The tax scenario in India

When VAT was about to come into effect all over India and there was opposition from all and sundry, the Indian Government stuck to one argument that many countries around the world have implemented VAT. Agreed, sir. But how many countries in the world have as many other taxes as we have in India? Here’s a very basic scenario.

A manufacturer starts a new business, floats a partnership firm/limited company. He first has to pay stamp duty (ad valorem in certain cases).

He first purchases machinery and raw materials. He will pay Sales Tax/VAT (or Customs Duty in case of Imports).
Once his ready goods leave his factory, he pays Excise Duty.
On transporting his good from one place to other place, he pays Octroi.
On selling these things and earning profit, he pays Income Tax.

After paying all these taxes, if he still manages to accumulate some wealth, he pays Wealth Tax. And we have not even considered under the table taxes that he has to pay to anti-social elements in the government departments.

Earlier there ware two more taxes, Gift Tax and Estate Duty. Gift Tax Act was abolished and more logical provisions covering gifts were introduced in the Income Tax Act. Estate Duty was paid on inheritance of assets and was abolished just before it was Indira Gandhi’s turn to pay it.

When will government simplify the tax structure in India? Is there any inclination to do so?

I have not even mentioned here Service Tax, Interest Tax, Fringe Benefit Tax, etc. ๐Ÿ™„

The current finanace minister, Mr. P. Chidambaram, has a one point program of levying and collecting more and more taxes. But are they used in the right way? As per one newspapers report, Education Cess of 2% levied across all the taxes and helped the government amass more than 6000 crores. But it remains unused till date!

2 comments

  1. The newly introduced service tax on rental income, with an object of taxing, corporates engaged in leasing of office space with plug-n-play equipment, has indirectly hurt several property owners reeling under the fixed terms of contract, for in the case of properties covered by rent control laws, where even the regular yearly increments of rents, cannot be enforced without resorting to process of law, which again takes few years, before being finalized. Now, if the corporates who enjoy the advantage of revising service charges (read – rent) of leasing their properties with plug and play are equated with these landlord, the corporate may end-up passing on the tax to the occupants (read – tenants), thereby donโ€™t feel the pinch, while all those individual landlord, big or small would end up either in litigation or paying higher tax. The indirect tax introduced, directly hits them. I believe the definition of “person” in the act, so far it deals with service tax on property rent, ought to have been simultaneously revised to read as corporate entities AND leasing of property ought to have been explained as those, being with variable terms of contract and tenure. ๐Ÿ˜ณ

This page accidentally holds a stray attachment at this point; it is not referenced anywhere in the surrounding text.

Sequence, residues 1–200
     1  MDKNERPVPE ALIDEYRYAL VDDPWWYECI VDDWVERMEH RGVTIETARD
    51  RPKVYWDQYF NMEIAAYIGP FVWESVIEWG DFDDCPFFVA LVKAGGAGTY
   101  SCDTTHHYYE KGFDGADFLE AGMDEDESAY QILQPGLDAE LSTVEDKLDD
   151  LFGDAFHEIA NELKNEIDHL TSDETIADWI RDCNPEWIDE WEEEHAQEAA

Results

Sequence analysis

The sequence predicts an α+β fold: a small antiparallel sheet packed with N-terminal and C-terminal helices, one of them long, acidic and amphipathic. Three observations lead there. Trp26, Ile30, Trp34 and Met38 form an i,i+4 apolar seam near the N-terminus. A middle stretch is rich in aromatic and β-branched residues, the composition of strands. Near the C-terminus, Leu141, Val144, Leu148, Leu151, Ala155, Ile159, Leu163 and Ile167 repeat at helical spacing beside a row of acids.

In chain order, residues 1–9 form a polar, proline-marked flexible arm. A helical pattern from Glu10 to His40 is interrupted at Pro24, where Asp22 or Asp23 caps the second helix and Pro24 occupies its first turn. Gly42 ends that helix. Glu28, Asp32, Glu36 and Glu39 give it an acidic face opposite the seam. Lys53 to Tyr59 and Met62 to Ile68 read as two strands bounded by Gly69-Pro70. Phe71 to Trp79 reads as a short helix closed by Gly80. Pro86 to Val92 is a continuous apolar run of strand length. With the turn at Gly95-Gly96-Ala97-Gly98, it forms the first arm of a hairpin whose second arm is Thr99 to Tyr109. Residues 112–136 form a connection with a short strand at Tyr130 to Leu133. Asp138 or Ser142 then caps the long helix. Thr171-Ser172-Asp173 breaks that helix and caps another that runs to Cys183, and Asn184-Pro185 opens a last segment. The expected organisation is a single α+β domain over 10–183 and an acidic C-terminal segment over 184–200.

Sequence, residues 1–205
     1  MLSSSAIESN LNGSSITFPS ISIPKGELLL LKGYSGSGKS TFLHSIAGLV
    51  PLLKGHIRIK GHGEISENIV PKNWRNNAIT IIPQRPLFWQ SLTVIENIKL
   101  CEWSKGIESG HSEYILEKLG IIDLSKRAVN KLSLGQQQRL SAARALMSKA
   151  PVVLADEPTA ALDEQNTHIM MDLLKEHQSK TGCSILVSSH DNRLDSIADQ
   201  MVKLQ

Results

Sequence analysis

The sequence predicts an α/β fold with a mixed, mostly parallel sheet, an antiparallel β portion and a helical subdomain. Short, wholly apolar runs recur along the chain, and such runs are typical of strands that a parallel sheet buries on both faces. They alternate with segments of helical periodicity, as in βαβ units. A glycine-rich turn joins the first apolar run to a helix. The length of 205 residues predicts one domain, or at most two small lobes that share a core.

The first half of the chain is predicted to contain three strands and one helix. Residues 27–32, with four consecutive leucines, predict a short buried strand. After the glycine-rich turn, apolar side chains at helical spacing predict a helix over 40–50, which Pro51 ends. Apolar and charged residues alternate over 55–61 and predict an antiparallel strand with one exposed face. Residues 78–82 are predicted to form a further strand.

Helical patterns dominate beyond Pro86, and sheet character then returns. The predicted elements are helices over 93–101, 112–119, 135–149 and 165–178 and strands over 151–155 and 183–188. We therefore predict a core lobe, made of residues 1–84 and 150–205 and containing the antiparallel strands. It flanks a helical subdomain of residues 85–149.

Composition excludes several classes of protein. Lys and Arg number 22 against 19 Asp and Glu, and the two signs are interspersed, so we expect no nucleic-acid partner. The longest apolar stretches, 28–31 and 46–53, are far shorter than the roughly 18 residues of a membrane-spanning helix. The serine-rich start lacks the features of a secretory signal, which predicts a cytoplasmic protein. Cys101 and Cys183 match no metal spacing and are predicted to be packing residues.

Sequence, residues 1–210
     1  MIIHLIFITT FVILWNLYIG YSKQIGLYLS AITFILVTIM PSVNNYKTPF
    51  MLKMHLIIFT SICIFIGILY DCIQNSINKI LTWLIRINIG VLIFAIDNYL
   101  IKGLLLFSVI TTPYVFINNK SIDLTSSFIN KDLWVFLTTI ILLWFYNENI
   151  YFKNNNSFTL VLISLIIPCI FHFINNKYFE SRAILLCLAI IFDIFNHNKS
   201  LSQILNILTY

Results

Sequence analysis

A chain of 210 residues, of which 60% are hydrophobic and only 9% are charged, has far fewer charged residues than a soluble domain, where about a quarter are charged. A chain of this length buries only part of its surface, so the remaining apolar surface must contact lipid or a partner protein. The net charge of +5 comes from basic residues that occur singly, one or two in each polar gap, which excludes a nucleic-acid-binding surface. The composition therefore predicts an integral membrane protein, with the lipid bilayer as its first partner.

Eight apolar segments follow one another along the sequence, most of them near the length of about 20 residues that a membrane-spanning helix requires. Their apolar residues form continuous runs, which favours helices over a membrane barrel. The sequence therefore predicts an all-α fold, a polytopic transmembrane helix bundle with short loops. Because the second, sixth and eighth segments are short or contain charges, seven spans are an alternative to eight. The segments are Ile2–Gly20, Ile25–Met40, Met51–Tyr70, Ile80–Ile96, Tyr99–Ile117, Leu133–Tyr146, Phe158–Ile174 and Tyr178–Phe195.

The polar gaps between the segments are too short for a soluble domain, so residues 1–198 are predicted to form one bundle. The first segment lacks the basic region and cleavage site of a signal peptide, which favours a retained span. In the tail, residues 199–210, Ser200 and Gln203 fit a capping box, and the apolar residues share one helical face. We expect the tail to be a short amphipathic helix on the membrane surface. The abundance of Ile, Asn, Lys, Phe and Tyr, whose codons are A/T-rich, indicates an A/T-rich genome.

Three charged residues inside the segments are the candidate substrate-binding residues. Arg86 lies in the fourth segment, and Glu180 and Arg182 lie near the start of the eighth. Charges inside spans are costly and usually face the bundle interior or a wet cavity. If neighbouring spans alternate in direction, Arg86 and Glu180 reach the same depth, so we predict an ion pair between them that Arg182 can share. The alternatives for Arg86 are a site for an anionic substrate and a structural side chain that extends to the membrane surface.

2. Hi:

    Allow me to add a few lines to your post :
    1. You start a business and pay stamp duty
    2. You pay commercial property taxes if you want to run an office…failing which, as has happened in the case of delhi, your office gets sealed
    3. You employ people, you pay fringe benefits tax…and that too on a presumptive basis
    4. You provide a service, you pay service tax
    5. You invest, you pay a securities transaction tax
    6. You make profits, you pay income tax
    7. You want to reward shareholders by paying them a dividend, you pay dividend distribution tax
    8. You manufacture, you pay excise duties
    9. You sell and pay VAT
    10. You accumulate wealth, you pay wealth tax
    11. You buy a car, you pay road tax
    12. You buy a house, you pay municipal tax
    13. You die after leaving a will, your next of kin pay a court fee to get your property which you have already decided to leave to them after having paid all the taxes described above.

    Of course, Chidambaram may not be responsible for all of this, but someone should conduct a study of how much of income is paid out in taxes of any kind. Only then will we have a realistic estimate of costs of compliance with our outdated laws and rules.

    Cheers,

    Kalyan

Leave a comment

Your email address will not be published. Required fields are marked *